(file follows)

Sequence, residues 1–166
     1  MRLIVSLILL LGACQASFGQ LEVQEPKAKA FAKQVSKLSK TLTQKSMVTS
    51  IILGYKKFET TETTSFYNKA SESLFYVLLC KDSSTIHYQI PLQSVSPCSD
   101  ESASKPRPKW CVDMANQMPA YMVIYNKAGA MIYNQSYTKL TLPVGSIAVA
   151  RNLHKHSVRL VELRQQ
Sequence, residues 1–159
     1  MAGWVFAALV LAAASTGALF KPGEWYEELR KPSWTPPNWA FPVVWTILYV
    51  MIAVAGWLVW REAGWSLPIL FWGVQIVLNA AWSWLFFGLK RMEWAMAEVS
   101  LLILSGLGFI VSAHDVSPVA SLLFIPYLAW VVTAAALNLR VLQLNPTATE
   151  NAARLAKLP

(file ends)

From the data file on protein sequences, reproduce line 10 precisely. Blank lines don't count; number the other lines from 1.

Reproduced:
   151  NAARLAKLP